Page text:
PITTSBURGH — He started working as an usher, escorting Pittsburgh Pirates fans to their seats, during the Great Depression.
For more than eight decades and 14 presidential administrations, Phil Coyne was a staple of games at Forbes Field, then Three Rivers Stadium and finally PNC Park, before retiring in 2018 at the age of 99.
Coyne, 102, died Friday morning, according to family members.
He started ushering in 1936, the same year the Baseball Hall of Fame inducted player Babe Ruth.
Coyne was well-known inside and outside the ball park, and many affectionately referred to him as “Philly.” When he retired, after his 81st season, the City Council honored him by naming Aug. 29 “Phil Coyne Day” in Pittsburgh.
When Coyne retired, Pirates management said he never missed a day of work. He was also a regular at St. Paul’s Cathedral in Oakland...where he served as an usher.
“Phil was and always will be a true Pirates legend. He was a hard-working, passionate family man who proudly served our country as a member of the United States Army during World War II,” said Pirates Chairman Bob Nutting. “Phil was so much more than an usher to us and our fans. As a testament to his life of service to the game of baseball, his Pirates uniform and identification badge remain on permanent display at the National Baseball Hall-of-Fame.”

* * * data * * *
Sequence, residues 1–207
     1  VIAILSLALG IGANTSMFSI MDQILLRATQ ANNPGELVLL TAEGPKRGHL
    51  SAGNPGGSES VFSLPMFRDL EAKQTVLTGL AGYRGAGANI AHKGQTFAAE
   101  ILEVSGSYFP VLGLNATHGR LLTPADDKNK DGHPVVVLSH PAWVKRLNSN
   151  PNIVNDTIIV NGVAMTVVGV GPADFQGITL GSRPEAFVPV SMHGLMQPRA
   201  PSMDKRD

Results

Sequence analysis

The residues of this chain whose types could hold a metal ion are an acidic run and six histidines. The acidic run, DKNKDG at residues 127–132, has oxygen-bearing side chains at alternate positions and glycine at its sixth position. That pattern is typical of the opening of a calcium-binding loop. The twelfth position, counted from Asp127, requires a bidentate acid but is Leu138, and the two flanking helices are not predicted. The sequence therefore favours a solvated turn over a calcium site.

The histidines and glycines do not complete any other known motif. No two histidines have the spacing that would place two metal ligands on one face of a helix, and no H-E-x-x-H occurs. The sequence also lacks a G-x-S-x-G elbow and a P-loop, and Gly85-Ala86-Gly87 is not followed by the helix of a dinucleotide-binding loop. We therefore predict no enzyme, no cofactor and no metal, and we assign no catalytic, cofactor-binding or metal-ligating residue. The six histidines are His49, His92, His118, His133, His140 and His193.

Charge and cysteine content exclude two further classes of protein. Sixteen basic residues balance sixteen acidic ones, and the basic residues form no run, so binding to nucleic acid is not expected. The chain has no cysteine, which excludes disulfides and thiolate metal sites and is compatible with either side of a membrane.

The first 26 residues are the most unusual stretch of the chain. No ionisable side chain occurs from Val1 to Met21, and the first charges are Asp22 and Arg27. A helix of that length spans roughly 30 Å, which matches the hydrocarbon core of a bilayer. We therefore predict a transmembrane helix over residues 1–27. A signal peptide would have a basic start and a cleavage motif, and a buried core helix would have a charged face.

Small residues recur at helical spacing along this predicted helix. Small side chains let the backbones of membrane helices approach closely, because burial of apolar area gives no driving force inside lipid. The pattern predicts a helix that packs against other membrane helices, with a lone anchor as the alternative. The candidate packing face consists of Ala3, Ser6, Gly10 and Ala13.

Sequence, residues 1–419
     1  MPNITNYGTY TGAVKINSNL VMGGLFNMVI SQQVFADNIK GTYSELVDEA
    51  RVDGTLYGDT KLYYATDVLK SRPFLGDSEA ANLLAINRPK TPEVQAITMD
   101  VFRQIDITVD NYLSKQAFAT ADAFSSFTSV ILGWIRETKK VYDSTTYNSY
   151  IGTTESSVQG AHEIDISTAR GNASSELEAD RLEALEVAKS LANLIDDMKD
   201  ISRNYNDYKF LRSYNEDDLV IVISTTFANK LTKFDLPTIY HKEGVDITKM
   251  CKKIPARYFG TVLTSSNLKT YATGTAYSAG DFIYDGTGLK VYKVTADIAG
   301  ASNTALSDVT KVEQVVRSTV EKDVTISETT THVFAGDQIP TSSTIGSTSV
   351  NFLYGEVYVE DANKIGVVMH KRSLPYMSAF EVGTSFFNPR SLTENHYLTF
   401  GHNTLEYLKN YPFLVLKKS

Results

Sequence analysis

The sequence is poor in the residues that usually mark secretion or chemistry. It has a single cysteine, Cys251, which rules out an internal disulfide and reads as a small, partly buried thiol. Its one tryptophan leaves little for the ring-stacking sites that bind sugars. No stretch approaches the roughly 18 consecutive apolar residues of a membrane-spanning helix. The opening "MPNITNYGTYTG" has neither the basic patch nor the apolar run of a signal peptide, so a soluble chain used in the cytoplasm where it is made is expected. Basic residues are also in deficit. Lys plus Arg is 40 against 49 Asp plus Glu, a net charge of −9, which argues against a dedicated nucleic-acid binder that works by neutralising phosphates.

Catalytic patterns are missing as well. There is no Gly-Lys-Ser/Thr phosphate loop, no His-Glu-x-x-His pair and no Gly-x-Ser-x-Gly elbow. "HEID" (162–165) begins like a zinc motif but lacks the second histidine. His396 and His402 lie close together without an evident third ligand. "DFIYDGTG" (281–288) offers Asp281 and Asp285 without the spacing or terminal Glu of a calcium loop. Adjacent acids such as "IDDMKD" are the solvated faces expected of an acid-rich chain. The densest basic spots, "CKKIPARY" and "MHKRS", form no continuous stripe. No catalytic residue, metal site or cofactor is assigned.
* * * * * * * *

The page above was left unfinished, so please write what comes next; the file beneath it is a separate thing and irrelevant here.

Coyne’s nephew, Dan Coyne, said his uncle loved fans at the baseball games.
“Philly really was truly grateful for every Pirates fan who ever came up to him and shook his hand, gave him a hug or even asked for an autograph,” Dan Coyne said. “He really loved interacting with the fans and felt the kindness from everyone at the Pirates family over the decades. On behalf of the entire Coyne family, we are thankful for everyone’s support during this time.”
Cox Media Group